A virtuous cycle, according to Wikipedia, is a system of events that includes a feedback loop "in which each iteration of the cycle reinforces the first," and "a virtuous cycle has favorable results." That definition pretty well describes the effect of the Exchange Server Best Practices Analyzer (ExBPA), Microsoft's automated scanning and reporting tool that lets you check your Exchange configuration against current Microsoft best practices. Since Exchange Server 2003's ExBPA launched in September 2004, its scope has continually broadened from approximately 500 best-practices rules and 300 related online articles to 3,000 rules with approximately 1,500 related articles today. The rules are based on best practices derived from customer support data and contributed by Exchange users.
But the tool's growing scope isn't the only favorable result of ExBPA, as I learned in a recent conversation with Jim Lucey, a supportability program manager for Exchange in Microsoft's Customer Services and Support (CSS) organization, and Clarence Satchell, a program manager in Premier Field Engineering. In addition, Jim told me, "ExBPA is a proactive tool, but our feedback to the product group was that customers have a lot of other pain areas: performance, mail flow, disaster recovery scenarios, etc. So the product team has created more reactive rules-based troubleshooting tools built on the ExBPA engine. They also built ExBPA into Exchange 2007, so we have built-in tools for some critical situation areas to help troubleshoot for our customers." (To learn about a couple of these tools, see "The Exchange Performance Troubleshooting Analyzer" at http://www.windowsitpro.com/article/articleid/49524/49524.html.) Another favorable result is that other Microsoft products, including ASP.NET, ISA Server, and SQL Server now also have or are developing best practices tools.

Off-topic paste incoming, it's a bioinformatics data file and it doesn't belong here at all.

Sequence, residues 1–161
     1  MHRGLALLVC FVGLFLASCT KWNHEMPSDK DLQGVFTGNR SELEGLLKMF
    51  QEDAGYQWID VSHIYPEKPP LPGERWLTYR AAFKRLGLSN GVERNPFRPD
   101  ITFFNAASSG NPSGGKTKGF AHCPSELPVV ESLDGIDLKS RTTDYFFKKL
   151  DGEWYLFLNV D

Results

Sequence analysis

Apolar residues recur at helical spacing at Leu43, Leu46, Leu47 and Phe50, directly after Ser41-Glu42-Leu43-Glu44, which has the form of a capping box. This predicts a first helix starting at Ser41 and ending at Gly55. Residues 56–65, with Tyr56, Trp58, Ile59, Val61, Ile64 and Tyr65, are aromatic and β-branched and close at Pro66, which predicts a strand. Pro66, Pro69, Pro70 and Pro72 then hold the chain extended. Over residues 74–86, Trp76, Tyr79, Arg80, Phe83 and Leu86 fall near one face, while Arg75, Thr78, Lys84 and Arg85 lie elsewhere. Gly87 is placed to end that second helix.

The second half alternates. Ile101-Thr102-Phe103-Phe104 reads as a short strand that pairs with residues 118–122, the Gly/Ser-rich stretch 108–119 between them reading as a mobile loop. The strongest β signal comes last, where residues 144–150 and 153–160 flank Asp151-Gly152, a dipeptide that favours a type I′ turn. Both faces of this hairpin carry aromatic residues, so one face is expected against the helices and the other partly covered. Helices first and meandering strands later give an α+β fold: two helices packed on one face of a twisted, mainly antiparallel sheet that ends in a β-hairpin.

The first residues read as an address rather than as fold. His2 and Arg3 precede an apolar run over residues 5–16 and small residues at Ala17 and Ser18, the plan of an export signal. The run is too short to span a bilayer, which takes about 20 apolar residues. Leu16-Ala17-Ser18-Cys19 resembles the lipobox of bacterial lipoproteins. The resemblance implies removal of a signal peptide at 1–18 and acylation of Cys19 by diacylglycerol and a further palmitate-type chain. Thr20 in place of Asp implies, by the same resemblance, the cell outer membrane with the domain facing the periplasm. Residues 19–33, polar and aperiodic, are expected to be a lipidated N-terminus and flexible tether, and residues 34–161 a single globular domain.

An interesting outgrowth from ExBPA is the Exchange Server Risk Assessment and Health Check Program (ExRAP), which Microsoft started in March 2005 for customers who have a Premier Support contract. Clarence is in charge of ExRAP and told me it's "an onsite engagement that consists of three phases: data collection, analysis and reporting, and remediation. During data collection, we use tools such as ExBPA and an operational survey with IT to gauge whether they're working according to best practices." An example of the questions on the operational survey is: "Do you have documented and communicated escalation matrices for Microsoft Exchange Server outages? (Escalation matrices define escalation paths to higher levels of technical resources and higher levels of management based on duration triggers and severity triggers. For example, a severity 1 outage might be escalated immediately to Tier 3 support, and executive management might be notified after 1 hour.)"
Next, Clarence explained, "From those results, we send the data to \[Microsoft IT\] MSIT and generate a scorecard, or benchmarking against MSIT best practices, to see where this customer stands. The support engineer can review the results and interject information as well, because everybody's environment is different. Once the information has been finalized, we produce two reports for the customer: one for the executives and a detailed report for IT."
Clarence continued, "Our scorecard uses red, yellow, green (high, medium, low risk) indicators to rate dependencies such as networking, disaster recovery, security. From those results, we have a dialog with the customer and do a formal presentation at the end. We explain in detail each of the issues we found and why they have a certain severity associated with them."
Finally, Clarence said, his team loops back with the customer to "lay out a remediation plan that shows which findings are most critical and which ones need to be addressed in what timeframe." Microsoft engineers can assist with the remediation, or customers can fix the problems themselves.
The goal of ExRAP, Clarence says, is "to educate customers about the risk that's inherent in their environment. They may have gone years without any issues at all or they may have constant issues and don't know what's caused them. We try to bring all this to light so we can reduce those repeatable offenses."
The most impressive aspect of my conversation with Jim and Clarence was discovering how deeply they care about customers and how eager they are to improve not just Microsoft's customer support, but also Microsoft's products. As Jim put it, "I think customers would be amazed to know how much focus we put into understanding customer pain and making sure product groups in the company understand that pain. So many supportability fixes, solutions, scenarios are addressed in the products. We're really trying to learn from groups that have done it well and make that a best practice for other products struggling in that area." (For more information on ExRAP, see http://www.microsoft.com/technet/itshowcase/content/exchrapissues.mspx.)